#13

Someone just transferred 40 000 btc and 40 000 USD from bitcoinica so Mt Gox has that much just sitting there at least.

It has yet to be disclosed whether 40k USD left MtGox in the form of a transfer (wire, LR, etc.), or whether just as a liability.  (Example: hacker redeems MtGox code somewhere else that accepts it, and buys BTC with it, and runs... that "somewhere else" didn't receive any money, only 40k in "gox dollars" backed by nothing more than the full faith and credit of gox).

Do you still need a verified account to do that ?

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July 14, 2012, 03:19:07 AM
 #14

We do not offer any kind of lending at this point. We are considering allowing people to have "saving accounts" managed by one of our financially-licensed subsidiaries at some point, which would come with some kind of interest rate, but we haven't been able yet to find any company willing to help with insuring and recovering bitcoin debts.

So, just to make thing crystal clear, are you stating that Mt. Gox is in possession of (at least) 100% of its customers funds? (In Hot/Cold wallets)

If a "bank run" were to happen tomorrow", then within a reasonable time (e.g. 1 week), all customers would be able to withdraw their funds?

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July 14, 2012, 08:59:48 PM
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From the terms of service:  

it will hold all monetary sums and all Bitcoins deposited by each Member in its Account, in that Member's name as registered in their Account details, and on such Member's behalf.
-----------------------------------------------------

A normal fractional reserve bank, also holds all monetary sums deposited by each Member in its Account (these are "held" as a Liability in its Account), in that member's name, etc.  I'm afraid the terms of service aren't really clear enough to answer the poster's question.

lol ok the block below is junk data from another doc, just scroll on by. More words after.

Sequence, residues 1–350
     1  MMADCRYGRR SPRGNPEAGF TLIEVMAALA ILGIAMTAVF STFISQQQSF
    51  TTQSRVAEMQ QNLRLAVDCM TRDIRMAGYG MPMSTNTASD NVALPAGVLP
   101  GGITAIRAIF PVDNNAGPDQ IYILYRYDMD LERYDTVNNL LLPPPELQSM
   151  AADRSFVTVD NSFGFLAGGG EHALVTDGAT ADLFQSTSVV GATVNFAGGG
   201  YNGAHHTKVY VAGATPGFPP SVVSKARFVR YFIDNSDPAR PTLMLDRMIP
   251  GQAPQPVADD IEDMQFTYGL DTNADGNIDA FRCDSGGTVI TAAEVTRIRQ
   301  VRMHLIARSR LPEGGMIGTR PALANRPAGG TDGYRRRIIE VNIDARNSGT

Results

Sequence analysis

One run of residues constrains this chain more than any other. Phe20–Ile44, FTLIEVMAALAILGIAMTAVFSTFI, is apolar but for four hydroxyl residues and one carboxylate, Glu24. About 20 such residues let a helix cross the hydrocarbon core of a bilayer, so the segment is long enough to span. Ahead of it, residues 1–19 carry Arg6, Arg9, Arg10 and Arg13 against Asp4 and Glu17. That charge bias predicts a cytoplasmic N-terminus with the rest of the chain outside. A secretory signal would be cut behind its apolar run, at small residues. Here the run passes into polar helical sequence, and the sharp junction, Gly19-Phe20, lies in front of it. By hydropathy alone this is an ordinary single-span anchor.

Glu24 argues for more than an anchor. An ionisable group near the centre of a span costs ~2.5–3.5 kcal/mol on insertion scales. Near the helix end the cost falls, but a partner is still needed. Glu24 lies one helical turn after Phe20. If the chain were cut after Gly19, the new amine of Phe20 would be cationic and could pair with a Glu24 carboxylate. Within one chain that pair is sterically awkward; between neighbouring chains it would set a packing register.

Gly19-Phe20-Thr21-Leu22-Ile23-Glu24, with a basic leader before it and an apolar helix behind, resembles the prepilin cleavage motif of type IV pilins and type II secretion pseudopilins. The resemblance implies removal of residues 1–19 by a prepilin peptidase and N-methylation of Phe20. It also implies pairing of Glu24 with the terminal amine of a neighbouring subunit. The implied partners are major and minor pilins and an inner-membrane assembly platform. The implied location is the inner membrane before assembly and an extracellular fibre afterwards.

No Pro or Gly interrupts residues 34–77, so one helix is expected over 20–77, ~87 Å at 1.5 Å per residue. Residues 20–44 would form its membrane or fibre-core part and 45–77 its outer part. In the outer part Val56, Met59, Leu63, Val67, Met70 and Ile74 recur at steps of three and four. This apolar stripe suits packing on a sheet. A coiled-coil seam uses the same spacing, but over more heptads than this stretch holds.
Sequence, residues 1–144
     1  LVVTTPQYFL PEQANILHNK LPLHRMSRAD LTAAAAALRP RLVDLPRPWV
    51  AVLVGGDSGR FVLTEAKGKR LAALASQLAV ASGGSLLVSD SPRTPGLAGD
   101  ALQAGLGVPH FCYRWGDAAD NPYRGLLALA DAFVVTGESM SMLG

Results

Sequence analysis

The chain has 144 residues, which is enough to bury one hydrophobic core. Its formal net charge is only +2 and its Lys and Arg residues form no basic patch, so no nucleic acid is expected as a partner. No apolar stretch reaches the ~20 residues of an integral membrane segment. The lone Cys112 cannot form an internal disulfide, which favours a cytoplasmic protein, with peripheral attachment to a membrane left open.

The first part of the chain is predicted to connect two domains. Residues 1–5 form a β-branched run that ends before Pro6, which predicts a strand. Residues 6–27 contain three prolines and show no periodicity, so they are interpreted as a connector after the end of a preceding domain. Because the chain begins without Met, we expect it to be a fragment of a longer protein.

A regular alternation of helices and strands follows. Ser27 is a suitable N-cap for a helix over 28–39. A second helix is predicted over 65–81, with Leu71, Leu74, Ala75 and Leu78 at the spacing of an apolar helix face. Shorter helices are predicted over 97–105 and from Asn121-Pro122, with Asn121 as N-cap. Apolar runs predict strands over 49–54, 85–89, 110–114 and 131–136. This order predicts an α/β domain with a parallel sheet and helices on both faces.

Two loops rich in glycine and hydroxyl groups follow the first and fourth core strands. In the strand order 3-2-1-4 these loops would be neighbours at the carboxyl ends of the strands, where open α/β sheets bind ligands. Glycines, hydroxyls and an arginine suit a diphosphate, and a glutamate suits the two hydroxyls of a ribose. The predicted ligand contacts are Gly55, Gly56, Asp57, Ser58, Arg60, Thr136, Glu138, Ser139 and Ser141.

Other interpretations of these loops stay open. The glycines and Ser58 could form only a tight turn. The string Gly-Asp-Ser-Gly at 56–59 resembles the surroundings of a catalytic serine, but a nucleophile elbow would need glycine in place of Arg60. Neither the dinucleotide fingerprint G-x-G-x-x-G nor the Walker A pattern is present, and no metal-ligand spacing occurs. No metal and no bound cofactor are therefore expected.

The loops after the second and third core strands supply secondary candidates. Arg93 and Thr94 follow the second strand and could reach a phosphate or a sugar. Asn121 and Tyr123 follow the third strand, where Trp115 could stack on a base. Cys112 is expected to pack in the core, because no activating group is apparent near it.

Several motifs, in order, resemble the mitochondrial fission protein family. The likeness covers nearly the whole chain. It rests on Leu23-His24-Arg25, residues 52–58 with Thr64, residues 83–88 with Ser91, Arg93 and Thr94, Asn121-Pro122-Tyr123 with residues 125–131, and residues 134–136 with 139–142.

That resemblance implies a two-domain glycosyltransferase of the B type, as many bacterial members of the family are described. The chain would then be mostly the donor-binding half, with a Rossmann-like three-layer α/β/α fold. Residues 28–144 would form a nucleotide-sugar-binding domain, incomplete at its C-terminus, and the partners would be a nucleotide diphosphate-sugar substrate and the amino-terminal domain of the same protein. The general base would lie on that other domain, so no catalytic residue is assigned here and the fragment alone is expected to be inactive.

I think you need to ask if customer funds are segregated from the parts of Mt Gox's Account used for its own, internal business activities.  And then if the customer funds remain 100% funded at all times, and what they are funded with (e.g. demand deposits at Mt Gox's bank, bitcoins on special addresses that aren't available to the Mt Gox for other uses, junk bonds, stock options, lottery tickets, etc).

There have been a string of mainstream wall street firms that apparently used customer funds required as initial margin in futures accounts for their own business needs, I would say any firm not explicitly saying they segregate customer funds AND the segregated (liability) is fully funded at all times, you should assume they are not.

I really wish Mt Gox revealed the most basic stuff that any business wanting a credit rating or to do business as a broker must disclose, basic things like a balance sheet (!).  I am not likely to leave anything on deposit there for any longer than necessary due to the lack of disclosure of the things needed to answer questions such as the one you are asking.

  
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July 15, 2012, 01:47:22 AM
 #16

I really wish Mt Gox revealed the most basic stuff that any business wanting a credit rating or to do business as a broker must disclose, basic things like a balance sheet (!).  I am not likely to leave anything on deposit there for any longer than necessary due to the lack of disclosure of the things needed to answer questions such as the one you are asking.